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Comment: Re:Listen to Sales - as hard as it may be (Score 1) 158

by Mr Z (#48015009) Attached to: Ask Slashdot: Software Issue Tracking Transparency - Good Or Bad?

We do something similar with our tool releases at work. The release notes indicate bugs that were filed on a previous release and closed with the current release, and if there are open issues what the open issues are. (Usually, it's something very obscure, otherwise it would be fixed.) We do something similar with chip errata. The errata document states which chip revisions are affected, and thus implicitly what chip revision fixes the issue.

Thus, we actually have a two tiered approach. There's the internal system(s) that tracks bugs against the actual development. So, if a bug shows up in a development version, developers and internal testers can file bugs on each other. All that noise has absolutely no business going outside the development team, as it's really just developer-to-developer communication. Then there's the customer issue tracking system. Customer-reported bugs get filed in that system, and they get their own ticket number, and it gets tied to a bug filed in the internal system. The customer bug reports are the ones we comment on in the release notes, along with any notable bugs we discovered in internal testing that customers may not have hit yet.

Disclaimer: My description above is a loose description of the processes we employ at work, and there is variation across teams and business units. It isn't intended to be rigorous. I'm only commenting on my team and teams I've worked closely with. The principle is the same, though. Our dirty laundry (the internal bug tracking system) stays internal. Externally reported bugs get tracked somewhat more opaquely, simply connecting the bug report to the release it's fixed in. It seems quite reasonable to me.

Comment: Re:I don't drink coffee. (Score 1) 228

by Mr Z (#47877491) Attached to: DNA sequencing of coffee's best use:

For me, both coffee and beer took a certain amount of acclimation. For coffee, I started out 'candying it up' with a ton of sugar and cream/creamer. And then one day I said "the heck with it" and started drinking it black. Within about a week or two of drinking it every day, I found I actually really liked it. Now you can't keep me away from it. I drink half a pot to a pot of coffee a day, and don't shy away from espresso.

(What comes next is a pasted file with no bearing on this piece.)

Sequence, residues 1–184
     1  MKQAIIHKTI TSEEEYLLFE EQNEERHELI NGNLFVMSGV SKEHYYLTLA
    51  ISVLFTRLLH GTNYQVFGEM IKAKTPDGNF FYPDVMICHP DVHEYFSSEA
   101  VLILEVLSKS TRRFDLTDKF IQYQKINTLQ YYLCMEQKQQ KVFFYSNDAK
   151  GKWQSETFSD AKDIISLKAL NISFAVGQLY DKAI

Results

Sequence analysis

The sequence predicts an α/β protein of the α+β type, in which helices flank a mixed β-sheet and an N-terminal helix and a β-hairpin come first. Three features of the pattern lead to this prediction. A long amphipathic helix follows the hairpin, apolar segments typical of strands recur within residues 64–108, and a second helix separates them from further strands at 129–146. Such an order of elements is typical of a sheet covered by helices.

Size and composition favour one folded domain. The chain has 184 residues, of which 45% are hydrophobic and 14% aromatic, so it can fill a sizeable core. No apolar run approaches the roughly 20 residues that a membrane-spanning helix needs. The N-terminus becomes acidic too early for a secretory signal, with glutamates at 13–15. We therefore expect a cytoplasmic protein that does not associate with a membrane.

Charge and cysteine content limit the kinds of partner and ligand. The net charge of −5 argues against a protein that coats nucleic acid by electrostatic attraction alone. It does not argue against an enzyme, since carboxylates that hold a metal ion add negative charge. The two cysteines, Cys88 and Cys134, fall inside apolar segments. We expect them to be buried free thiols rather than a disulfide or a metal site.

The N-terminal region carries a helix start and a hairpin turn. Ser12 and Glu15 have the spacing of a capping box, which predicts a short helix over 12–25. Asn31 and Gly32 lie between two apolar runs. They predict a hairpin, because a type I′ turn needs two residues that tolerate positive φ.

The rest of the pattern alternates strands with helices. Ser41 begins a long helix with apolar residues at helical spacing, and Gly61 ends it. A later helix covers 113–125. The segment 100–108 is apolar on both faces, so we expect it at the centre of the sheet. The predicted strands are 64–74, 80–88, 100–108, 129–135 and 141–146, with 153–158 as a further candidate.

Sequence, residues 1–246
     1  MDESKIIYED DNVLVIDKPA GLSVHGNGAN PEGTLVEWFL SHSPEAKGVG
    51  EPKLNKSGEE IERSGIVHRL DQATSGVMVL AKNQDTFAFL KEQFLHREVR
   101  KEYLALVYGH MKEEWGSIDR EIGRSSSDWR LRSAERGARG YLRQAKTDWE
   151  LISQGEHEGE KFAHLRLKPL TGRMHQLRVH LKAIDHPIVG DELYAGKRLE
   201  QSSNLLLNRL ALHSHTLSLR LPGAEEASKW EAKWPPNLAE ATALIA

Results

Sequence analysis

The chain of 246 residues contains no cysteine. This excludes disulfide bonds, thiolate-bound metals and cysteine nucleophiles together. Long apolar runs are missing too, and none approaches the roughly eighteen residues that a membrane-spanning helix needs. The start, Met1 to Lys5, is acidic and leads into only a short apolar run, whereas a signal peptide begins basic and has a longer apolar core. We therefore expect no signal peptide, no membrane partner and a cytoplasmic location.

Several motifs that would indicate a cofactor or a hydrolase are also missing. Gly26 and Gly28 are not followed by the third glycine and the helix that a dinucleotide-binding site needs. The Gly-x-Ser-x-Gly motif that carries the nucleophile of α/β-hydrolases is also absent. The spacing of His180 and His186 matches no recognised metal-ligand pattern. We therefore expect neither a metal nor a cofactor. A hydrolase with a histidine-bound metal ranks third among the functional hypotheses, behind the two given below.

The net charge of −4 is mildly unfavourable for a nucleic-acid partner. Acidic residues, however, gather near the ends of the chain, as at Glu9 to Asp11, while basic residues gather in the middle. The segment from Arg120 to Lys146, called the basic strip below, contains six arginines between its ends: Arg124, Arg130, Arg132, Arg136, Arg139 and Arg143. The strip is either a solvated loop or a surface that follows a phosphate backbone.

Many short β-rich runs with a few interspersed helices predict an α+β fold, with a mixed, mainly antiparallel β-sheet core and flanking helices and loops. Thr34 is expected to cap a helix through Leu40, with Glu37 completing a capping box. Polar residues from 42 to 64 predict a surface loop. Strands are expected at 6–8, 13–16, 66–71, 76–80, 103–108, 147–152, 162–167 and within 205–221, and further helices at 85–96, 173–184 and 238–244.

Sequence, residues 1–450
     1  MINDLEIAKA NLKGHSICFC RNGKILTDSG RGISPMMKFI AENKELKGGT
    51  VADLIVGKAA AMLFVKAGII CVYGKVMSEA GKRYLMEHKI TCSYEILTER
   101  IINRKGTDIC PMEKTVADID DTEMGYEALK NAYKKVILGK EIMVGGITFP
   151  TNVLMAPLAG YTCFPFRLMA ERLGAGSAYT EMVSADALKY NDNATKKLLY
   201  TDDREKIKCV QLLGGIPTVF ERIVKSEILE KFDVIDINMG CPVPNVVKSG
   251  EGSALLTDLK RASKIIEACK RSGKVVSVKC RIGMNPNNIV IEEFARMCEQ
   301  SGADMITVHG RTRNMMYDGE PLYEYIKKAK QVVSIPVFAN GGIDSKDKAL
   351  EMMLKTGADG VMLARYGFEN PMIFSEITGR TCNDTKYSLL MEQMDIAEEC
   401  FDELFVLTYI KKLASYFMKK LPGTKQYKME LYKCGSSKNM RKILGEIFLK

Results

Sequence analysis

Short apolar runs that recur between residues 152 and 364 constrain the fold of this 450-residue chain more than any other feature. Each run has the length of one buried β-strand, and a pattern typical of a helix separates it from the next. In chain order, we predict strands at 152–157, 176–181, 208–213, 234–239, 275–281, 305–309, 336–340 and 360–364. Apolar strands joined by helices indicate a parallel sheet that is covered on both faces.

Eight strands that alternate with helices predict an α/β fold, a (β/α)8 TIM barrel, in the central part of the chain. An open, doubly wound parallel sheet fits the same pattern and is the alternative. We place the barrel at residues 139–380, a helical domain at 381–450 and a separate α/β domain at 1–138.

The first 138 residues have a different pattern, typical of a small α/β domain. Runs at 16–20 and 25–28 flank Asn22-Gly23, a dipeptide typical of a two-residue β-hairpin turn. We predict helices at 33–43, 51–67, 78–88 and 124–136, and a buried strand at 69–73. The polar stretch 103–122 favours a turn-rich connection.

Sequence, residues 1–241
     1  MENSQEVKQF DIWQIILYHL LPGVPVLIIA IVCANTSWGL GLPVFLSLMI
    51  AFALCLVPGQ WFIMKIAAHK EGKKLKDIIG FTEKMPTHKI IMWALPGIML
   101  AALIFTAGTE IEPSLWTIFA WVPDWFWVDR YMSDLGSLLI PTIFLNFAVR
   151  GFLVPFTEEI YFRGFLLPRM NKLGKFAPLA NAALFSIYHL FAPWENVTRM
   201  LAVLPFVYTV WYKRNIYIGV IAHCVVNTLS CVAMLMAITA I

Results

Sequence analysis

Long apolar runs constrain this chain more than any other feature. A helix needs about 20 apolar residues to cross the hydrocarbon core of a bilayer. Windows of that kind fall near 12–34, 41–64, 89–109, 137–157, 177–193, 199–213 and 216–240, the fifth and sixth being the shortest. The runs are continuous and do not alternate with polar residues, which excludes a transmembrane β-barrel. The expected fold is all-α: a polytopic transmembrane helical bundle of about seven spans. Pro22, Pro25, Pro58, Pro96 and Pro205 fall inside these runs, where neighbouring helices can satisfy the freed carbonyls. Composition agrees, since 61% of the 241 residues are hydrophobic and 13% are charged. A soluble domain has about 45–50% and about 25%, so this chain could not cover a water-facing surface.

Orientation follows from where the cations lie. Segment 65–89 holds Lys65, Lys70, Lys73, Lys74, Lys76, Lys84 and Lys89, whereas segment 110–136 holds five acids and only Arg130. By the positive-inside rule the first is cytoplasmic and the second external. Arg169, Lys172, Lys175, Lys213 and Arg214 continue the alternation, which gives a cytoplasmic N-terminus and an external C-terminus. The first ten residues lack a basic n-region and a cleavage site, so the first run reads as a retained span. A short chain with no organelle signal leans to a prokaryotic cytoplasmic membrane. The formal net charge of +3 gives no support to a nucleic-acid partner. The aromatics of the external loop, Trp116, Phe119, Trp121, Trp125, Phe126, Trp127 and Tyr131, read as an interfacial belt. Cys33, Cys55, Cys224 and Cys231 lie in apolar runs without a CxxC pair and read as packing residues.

It was a similar story with beer. I started out with really smooth beers (Red Dog was the choice for a fairly smooth, inoffensive beer at the time), and then one day I decided I was going to try all sorts of varieties whether I liked them or not. I started with the beer I had tried and liked least (Guinness Extra Stout—this was before they had the widget cans), and made that my exclusive beer for awhile. After a couple six-packs, I found I really appreciated it, and my palate was now open to a much wider range of beers. I've tried a few hundred different beers since then, and found it quite an enjoyable journey.

I think with both, there's the 'bitter' aspect to get over. Once you get past 'bitter', you can taste the rest of the beverage and enjoy it.

Comment: Re:I don't drink coffee. (Score 1) 228

by Mr Z (#47877467) Attached to: DNA sequencing of coffee's best use:

Try a Rochefort 10 sometime. It's a delicious (and potent) Belgian beer with carmelly goodness and very, very little hops to it. It's liquid candy.

When I tried to brew a clone recipe of it, the recipe called for a ton of Belgian Kandi sugar and grain, but the only hops were aroma hops added in the last few minutes of the boil. The clone came pretty close. (I think the differences were in the yeast, and the temperature profile during fermentation, really.)

Comment: Re:Make round-up ready beans (Score 1) 228

by Mr Z (#47877443) Attached to: DNA sequencing of coffee's best use:

I've actually visited a coffee plantation in Puerto Rico. The fresh ground coffee I had there was delicious, too. But, then, I voted for "bioengineer all the major vitamins," as I drink between half a pot and a pot of coffee a day. (It doesn't need more caffeine; I enjoy the flavor and too much caffeine means I'd get less of the flavor! But I also enjoy the caffeine so no decaf either, please.)

Or did you mean "everyone voting for Roundup Ready?"

Comment: Re:how about .... (Score 1) 131

by Mr Z (#47825463) Attached to: Facebook Blamed For Driving Up Cellphone Bills, But It's Not Alone

And where on the label does the Facebook app say how much data it's going to use?

And how about the fact that for a long time, the FB app was fine, and then a change that FB pushed out to folks surprised them later only after they were using it?

It's worth remembering that not using the facebook app is supposed to hit facebook harder than yourself.

That's only true if there's a wide-scale boycott. Otherwise, network effects suggest you're wrong. It's like arguing "Not using Windows is supposed to hit Microsoft harder than yourself." BS. Microsoft hasn't felt a thing since I switched to other platforms years ago. I, however, have had to deal with incompatibilities and quirkiness. For the vast majority of users it never made sense to switch from Windows and it still doesn't, and the reason why is network effects.

Your arguments remind me of the 'Countepoint' guy from Airplane.

The issue here is that most smart phone plans make you, the user, responsible for paying for the total amount of bandwidth consumed, but the phone and the apps don't give you a good mechanism to allow you to act on that responsibility in a meaningful way. Saying "Well, then, don't use it" is unhelpful and unrealistic.

Our business in life is not to succeed but to continue to fail in high spirits. -- Robert Louis Stevenson